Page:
Printed document, approximately 6 1/4″ x 11″, enclosed by 1/4″ embellished border. “American Ship Master’s Association ” is engraved on the upper portion of the certificate. Below is an engraving of a full-rigged ship, on the left side of which is the number of the certificate and on the right side of which is engraved “New York,” home of the Association and site of the 1861 examinations. The signature of the certificate holder was required, as were the signatures of various members of the society. The engravings and ornamentation varied throughout the years that these Certificates were issued.
The American Shipmasters’ Association, later the American Bureau of Shipping, was organized in 1861 to improve the American Mercantile Marine Service and the general skill and moral character of those attached to the seamen’s profession. Licenses had been issued intermittently by the United States Steamboat Inspection Service, but no continuous effort had been made to insure the skill and character of shipmasters until John D. Hones called together maritime insurers, shipbuilders, government officials and maritime experts to form the American Shipmasters’ Association in 1861. The ASA began issuing certificates to qualified mates and masters of sailing vessels even before its incorporation in 1862, receiving the first application from Captain Isaiah Pratt in September 1861.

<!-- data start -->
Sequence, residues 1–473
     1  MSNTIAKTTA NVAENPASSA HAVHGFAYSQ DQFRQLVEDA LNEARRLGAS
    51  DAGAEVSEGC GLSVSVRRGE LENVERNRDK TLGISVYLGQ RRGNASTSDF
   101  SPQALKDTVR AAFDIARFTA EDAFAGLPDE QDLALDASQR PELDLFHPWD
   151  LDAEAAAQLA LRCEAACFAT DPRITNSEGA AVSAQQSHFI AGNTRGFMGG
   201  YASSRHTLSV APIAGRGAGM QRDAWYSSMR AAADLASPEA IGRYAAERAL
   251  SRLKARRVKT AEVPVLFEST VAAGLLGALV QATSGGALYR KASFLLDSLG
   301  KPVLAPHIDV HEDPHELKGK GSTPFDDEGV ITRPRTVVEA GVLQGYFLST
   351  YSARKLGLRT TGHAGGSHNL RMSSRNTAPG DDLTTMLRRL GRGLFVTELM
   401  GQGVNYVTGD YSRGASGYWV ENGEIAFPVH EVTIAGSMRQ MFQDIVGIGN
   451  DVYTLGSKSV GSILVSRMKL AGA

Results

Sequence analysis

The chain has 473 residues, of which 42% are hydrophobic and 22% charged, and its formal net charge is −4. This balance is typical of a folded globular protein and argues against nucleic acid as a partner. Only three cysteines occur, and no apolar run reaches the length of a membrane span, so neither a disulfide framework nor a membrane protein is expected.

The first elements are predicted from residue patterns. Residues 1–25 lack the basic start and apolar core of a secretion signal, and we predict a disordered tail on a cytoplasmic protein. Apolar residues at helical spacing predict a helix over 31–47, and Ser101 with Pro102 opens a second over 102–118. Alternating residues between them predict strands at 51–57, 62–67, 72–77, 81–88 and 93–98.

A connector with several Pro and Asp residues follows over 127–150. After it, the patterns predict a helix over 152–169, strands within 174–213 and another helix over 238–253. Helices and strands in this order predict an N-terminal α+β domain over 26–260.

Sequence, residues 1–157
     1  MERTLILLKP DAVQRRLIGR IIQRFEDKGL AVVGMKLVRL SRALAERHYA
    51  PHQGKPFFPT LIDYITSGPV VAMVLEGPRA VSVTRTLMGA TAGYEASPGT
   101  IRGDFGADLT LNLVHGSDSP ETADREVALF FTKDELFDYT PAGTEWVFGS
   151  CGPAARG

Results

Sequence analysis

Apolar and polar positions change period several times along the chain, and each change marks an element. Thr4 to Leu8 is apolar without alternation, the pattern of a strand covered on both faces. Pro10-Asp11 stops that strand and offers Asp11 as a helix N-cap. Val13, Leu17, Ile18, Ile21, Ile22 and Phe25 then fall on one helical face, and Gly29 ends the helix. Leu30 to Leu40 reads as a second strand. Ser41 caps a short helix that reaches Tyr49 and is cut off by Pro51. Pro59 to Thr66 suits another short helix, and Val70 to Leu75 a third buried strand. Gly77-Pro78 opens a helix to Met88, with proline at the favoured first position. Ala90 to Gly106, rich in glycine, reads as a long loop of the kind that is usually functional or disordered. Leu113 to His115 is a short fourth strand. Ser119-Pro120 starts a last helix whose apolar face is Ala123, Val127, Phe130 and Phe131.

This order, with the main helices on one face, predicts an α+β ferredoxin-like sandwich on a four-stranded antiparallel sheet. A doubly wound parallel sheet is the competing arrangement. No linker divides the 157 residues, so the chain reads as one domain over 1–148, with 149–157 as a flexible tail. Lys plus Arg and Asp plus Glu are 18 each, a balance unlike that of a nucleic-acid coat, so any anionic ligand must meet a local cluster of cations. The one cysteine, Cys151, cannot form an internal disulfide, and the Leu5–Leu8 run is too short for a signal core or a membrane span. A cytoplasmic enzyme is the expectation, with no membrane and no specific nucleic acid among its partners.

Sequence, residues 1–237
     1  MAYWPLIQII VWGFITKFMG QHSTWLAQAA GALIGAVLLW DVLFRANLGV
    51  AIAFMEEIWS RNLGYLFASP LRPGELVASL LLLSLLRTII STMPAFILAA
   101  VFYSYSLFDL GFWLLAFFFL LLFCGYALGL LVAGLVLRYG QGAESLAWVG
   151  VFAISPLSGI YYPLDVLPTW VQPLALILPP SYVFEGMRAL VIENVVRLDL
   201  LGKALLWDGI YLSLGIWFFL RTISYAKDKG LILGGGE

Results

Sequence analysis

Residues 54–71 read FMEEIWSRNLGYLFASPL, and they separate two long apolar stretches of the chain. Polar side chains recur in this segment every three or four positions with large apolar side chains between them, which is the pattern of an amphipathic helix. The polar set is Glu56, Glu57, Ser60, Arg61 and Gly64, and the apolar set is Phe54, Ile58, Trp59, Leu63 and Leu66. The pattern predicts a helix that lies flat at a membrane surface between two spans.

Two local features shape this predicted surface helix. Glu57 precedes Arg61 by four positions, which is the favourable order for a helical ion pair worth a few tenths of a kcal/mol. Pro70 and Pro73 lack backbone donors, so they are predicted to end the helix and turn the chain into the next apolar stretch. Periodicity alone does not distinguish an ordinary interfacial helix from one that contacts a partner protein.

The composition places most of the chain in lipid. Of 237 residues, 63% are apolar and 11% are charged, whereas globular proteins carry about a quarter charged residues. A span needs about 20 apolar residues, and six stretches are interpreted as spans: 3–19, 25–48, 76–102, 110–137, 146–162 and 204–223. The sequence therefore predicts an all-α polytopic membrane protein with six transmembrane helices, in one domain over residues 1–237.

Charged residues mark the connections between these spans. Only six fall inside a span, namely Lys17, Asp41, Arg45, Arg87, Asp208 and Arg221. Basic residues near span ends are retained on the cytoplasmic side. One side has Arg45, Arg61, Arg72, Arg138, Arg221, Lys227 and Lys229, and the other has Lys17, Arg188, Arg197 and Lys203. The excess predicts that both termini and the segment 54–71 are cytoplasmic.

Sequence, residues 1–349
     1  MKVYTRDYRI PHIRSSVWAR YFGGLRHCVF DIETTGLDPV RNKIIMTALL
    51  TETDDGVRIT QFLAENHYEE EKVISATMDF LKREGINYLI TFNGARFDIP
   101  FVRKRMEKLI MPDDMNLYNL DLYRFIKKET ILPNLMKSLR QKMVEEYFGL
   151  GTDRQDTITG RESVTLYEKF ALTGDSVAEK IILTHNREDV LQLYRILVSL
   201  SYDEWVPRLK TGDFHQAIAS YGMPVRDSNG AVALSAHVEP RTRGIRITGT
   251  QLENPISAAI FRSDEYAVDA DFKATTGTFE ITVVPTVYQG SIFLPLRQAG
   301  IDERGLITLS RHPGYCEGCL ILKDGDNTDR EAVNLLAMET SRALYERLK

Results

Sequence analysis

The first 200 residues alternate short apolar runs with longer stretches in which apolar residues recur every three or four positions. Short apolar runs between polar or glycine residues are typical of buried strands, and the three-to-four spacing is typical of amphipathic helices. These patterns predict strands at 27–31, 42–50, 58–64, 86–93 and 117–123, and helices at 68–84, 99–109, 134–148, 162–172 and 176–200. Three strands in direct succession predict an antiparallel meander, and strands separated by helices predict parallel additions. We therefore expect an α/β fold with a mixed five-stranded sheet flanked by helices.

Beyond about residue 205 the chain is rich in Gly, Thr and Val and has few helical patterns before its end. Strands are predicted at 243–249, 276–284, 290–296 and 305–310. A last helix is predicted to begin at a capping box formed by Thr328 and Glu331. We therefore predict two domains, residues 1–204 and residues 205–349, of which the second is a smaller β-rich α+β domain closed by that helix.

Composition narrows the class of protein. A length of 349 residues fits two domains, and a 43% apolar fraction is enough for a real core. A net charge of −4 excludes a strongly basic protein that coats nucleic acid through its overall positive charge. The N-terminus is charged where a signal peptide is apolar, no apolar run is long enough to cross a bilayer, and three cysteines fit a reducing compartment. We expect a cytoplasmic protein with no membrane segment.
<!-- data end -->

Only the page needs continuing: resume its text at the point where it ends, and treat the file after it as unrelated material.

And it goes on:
To receive a certificate, seamen had to meet rigorous requirements, including six years experience at sea and a high score on the nautical science and seaman ship examinations administered by the ASA. Applicants also had to produce testimonials to their good character. Shipmasters whose qualifications were exceptional were designated “extra maters.” Each certificate was valid for one year and could be renewed annually. Seamen retained their ASA numbers for life; no number was ever reissued to another man. While ASA certificates were not officially required of shipmasters, they did serve as recommendations to shipowners. A vessel with an ASA-certified master was more likely to find favorable insurance coverage than one whose master was not listed in the ASA’s Register of Approved Shipmasters. The ASA continued its program of certification until 1900, by which time Federal law required that most shipmasters be licensed by the United States.